Friday, June 29, 2012

Hollywood's Big Media Is Stealing YOUR Internet


Today's the big hearing. We told you that we're beating back Hollywood's attempts to take over the Internet again.

Today's court hearing on the MegaUpload case will decide if Hollywood will be able to use the courts to undermine Cloud storage and social media platforms. Will you help us fight back (again)?

If you haven't yet, please click here to sign on to our legal brief, and make sure the court understands that millions of Internet users will be impacted by the judge's decision.

Whether you've signed or not, please use these links or forward the email below to urge your friends to get involved right away. If you're on Reddit, please post a link to, or vote up any such links that have already been posted. We need as many people as possible to sign on to the brief so that the judge understands the broad impacts of his decision.

If you're already on Facebook, click here to share with your friends.

If you're already on Twitter, click here to tweet about the campaign: Tweet

For more background, or to forward to your friends, here's the email we sent yesterday:


It's us versus THEM again.

Hollywood attorneys are trying to use the courts to circumvent Congress and implement a backdoor SOPA/PIPA scheme.

Fight Back: YOUR FILES ON Google, Dropbox, Facebook, Tumblr, Instagram, YouTube, Flickr, etc. and even your emails are in jeopardy.

We need to make sure the judge understands that his decision will affect millions of people.

Demand Progress is fighting back in the courts and standing up for Internet users. We are taking on the United States and the MPAA. Please click here to support our legal brief -- the court will be hearing the case THIS WEEK.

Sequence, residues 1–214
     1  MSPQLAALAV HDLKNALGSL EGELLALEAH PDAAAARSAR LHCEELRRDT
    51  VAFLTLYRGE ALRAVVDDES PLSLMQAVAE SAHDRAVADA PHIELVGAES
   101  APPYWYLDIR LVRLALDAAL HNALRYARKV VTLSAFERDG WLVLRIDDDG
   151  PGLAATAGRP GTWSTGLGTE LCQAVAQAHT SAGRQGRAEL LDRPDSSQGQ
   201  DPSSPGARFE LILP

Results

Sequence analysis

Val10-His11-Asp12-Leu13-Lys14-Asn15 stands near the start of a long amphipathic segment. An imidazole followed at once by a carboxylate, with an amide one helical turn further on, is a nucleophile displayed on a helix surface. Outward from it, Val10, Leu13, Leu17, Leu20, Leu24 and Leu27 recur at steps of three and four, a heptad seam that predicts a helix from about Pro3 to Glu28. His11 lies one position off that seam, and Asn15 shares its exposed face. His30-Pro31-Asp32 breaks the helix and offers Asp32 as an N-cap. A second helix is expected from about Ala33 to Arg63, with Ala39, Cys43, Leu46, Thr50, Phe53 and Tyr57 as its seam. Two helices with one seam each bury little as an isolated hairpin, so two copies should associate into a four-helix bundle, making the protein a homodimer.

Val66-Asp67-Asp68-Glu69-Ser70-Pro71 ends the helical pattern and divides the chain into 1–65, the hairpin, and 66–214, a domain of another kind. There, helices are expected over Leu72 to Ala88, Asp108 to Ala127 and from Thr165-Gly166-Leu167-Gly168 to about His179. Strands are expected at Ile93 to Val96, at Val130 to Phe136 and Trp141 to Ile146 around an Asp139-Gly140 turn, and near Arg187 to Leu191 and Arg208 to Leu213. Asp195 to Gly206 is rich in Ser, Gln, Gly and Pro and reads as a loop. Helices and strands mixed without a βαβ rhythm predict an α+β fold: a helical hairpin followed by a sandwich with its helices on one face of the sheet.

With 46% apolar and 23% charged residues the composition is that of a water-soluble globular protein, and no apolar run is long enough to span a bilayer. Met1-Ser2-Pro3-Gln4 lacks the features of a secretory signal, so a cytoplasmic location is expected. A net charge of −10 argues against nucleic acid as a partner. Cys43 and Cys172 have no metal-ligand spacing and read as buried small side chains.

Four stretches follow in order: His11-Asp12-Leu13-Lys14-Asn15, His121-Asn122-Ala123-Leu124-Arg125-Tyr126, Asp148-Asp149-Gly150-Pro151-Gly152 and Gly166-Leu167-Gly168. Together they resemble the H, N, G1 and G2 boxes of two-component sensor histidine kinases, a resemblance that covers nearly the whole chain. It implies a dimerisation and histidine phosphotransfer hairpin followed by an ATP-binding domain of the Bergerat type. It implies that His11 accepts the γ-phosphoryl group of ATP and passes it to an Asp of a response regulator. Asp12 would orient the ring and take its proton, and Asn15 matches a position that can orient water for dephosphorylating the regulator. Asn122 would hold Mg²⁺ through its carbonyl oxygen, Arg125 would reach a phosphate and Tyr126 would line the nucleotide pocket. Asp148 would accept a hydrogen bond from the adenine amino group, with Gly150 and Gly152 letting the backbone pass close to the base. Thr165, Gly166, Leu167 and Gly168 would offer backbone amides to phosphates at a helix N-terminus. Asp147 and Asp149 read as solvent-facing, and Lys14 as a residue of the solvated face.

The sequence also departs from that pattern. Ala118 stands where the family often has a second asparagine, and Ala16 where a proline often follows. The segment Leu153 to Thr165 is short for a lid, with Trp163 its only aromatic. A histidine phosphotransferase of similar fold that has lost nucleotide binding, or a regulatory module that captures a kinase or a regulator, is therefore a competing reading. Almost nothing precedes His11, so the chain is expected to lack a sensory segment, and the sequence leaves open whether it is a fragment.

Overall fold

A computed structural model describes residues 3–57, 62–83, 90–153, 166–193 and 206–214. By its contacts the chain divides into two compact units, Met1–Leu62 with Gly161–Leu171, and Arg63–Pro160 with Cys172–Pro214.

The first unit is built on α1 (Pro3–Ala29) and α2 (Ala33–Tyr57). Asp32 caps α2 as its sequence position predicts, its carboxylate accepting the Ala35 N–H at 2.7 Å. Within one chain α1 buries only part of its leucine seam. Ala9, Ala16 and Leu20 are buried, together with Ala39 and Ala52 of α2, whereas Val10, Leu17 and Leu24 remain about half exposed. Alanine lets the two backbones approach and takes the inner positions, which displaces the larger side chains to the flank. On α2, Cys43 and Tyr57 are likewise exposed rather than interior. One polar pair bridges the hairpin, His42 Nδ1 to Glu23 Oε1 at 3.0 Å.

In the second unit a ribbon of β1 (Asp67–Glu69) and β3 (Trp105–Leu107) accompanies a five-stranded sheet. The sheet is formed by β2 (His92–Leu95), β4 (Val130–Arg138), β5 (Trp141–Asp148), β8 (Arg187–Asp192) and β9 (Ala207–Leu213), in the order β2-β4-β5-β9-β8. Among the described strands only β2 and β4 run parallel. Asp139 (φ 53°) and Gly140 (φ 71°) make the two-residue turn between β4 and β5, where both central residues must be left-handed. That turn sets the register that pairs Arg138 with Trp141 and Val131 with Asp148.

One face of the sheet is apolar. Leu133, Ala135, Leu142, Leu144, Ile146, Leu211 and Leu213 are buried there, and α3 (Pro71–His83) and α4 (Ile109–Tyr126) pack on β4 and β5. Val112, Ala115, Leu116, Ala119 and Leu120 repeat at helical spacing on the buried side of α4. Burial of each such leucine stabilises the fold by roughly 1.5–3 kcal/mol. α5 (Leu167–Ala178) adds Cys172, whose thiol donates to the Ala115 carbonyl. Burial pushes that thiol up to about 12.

BACKGROUND: One day after the Internet staged a massive blackout to protest Congress's Internet censorship legislation (SOPA/PIPA), the United States responded by seizing millions of ordinary user files hosted on the popular website

With an aim of shutting down Megaupload and other Cloud-based hosting services (like Dropbox, YouTube or even your email provider), the government is trying to claim website operators should face decades in prison for the misdeeds of some of their users.

But while they pursue trumped up criminal charges against the companies' founders, they are shutting down dozens of websites, and leaving ordinary Internet users without any way of retrieving their files.

Please click here to sign on as a supporter of our legal brief: The judge will be hearing the case THIS WEEK, and we need to make sure he understands that his ruling affects millions of us.

Apple co-founder Steve Wozniak called the case against Megaupload a "threat to innovation". Wozniak likened the Megaupload site to a highway and those who shared pirated movies and songs to speeding motorists.

"You don't just shut down the whole street because somebody is speeding," he said.

Numerous laws on the books already give copyright holders plenty of avenues to stop actual infringement, but that's not enough to satisfy Hollywood's lawyers and lobbyists.